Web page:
Today’s turboprop airliners have better fuel efficiency than current jet airliners, in part because of their lower cruising speed and propellers that are more efficient than those of the 1950s-era piston-powered airlines. 

Among major airlines, those which have turboprop equipped regional carrier subsidiaries typically rank high in overall fleet fuel efficiency. For example, although Alaska Airlines scored at the top of a 2011-2012 fuel efficiency ranking, if its regional carrier—turbo-prop equipped Horizon Air—were dropped from the consideration, the airline’s ranking would be lower.

Weight effect

As over 80% of the fully laden take-off weight of a modern aircraft such as the Airbus A380 is craft and fuel, there remains considerable room for future improvements in fuel efficiency.

The weight of an aircraft can be reduced by using light-weight materials such as titanium, carbon fiber and other composite plastics. Expensive materials may be used, if the reduction of mass justifies the price of materials through improved fuel efficiency.

The improvements achieved in fuel efficiency by mass reduction, reduces the amount of fuel that needs to be carried. This further reduces the mass of the aircraft and therefore enables further gains in fuel efficiency. For example, the Airbus A380 design includes multiple light-weight materials.


Airbus has showcased wingtip devices (sharklets or winglets) that can achieve 3.5 percent reduction in fuel consumption. There are wingtip devices on the Airbus A380. Further developed Minix winglets have been said to offer 6 percent reduction in fuel consumption.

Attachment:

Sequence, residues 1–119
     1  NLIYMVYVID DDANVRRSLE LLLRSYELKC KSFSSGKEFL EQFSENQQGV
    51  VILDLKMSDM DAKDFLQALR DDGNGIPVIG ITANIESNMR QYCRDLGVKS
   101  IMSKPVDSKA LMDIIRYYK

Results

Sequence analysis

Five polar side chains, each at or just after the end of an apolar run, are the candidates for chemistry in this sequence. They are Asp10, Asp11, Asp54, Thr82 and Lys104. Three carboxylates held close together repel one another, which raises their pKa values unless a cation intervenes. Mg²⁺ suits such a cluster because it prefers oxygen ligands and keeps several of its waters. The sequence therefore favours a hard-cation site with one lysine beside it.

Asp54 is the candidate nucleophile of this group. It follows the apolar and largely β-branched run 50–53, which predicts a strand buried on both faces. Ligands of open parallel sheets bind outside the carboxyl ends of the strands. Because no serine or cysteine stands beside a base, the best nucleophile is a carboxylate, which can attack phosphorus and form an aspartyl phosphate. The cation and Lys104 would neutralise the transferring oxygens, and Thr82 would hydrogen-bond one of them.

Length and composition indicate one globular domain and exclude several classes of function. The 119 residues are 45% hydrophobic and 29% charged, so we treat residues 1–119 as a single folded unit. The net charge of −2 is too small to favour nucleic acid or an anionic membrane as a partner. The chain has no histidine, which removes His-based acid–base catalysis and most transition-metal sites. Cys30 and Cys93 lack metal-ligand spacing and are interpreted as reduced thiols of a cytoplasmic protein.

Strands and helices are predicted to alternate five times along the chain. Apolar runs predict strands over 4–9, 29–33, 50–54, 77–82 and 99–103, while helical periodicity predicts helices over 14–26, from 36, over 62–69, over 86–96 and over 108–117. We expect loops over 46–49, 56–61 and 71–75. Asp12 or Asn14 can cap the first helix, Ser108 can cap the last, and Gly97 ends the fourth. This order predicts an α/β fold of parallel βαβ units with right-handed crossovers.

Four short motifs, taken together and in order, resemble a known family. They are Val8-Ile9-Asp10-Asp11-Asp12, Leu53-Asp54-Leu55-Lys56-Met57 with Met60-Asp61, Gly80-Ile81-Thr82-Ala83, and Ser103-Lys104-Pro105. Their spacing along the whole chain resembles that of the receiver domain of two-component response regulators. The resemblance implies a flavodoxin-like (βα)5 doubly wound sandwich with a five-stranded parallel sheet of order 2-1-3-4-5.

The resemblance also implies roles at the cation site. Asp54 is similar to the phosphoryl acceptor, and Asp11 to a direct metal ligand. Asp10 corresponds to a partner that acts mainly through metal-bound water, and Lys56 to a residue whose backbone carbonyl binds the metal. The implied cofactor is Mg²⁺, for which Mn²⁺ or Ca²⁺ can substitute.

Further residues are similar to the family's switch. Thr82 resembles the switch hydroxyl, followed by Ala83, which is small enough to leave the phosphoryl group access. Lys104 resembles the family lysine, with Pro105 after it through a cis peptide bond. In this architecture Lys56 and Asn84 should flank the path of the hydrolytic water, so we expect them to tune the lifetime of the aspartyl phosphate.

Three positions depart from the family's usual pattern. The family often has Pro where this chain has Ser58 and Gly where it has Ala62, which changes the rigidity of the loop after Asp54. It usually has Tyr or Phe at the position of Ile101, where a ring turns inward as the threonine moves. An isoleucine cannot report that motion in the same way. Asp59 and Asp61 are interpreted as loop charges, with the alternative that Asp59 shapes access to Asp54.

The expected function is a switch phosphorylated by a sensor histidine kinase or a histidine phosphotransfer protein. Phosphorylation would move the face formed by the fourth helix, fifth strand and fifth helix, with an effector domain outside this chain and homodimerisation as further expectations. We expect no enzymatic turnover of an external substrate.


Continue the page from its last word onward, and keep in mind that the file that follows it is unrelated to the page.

Winglets at the tip of an aircraft wing, can be retrofitted to any airplane, and smooths out the wing-tip vortex, reducing the aircraft’s wing drag.

NASA and Boeing are conducting tests on a 500 lb (230 kg) “blended wing” aircraft. This design allows for greater fuel efficiency since the whole craft produces lift, not just the wings.

The blended wing body (BWB) concept offers advantages in structural, aerodynamic and operating efficiencies over today’s more conventional fuselage-and-wing designs. These features translate into greater range, fuel economy, reliability and life cycle savings, as well as lower manufacturing costs.

NASA has created a cruise efficient STOL (CESTOL) concept.

Fraunhofer Institute for Manufacturing Engineering and Applied Materials Research (IFAM) have researched a shark skin imitating paint that would reduce drag through a riblet effect. Aircraft are a major potential application for new technologies such as aluminium metal foam and nanotechnology such as the shark skin imitating paint.

Jet aircraft efficiency

Jet aircraft efficiencies are improving: Between 1960 and 2000 there was a 55% overall fuel efficiency gain (if one were to exclude the inefficient and limited fleet of the De Havilland Comet 4 and to consider the Boeing 707 as the base case).

Most of the improvements in efficiency were gained in the first decade when jet craft first came into widespread commercial use. Between 1971 and 1998 the fleet-average annual improvement per available seat-kilometre was estimated at 2.4%.

Concorde the supersonic transport managed about 17 passenger-miles to the Imperial gallon; similar to a business jet, but much worse than a subsonic turbofan aircraft. Airbus states a fuel rate consumption of their A380 at less than 3 L/100 km per passenger (78 passenger-miles per US gallon)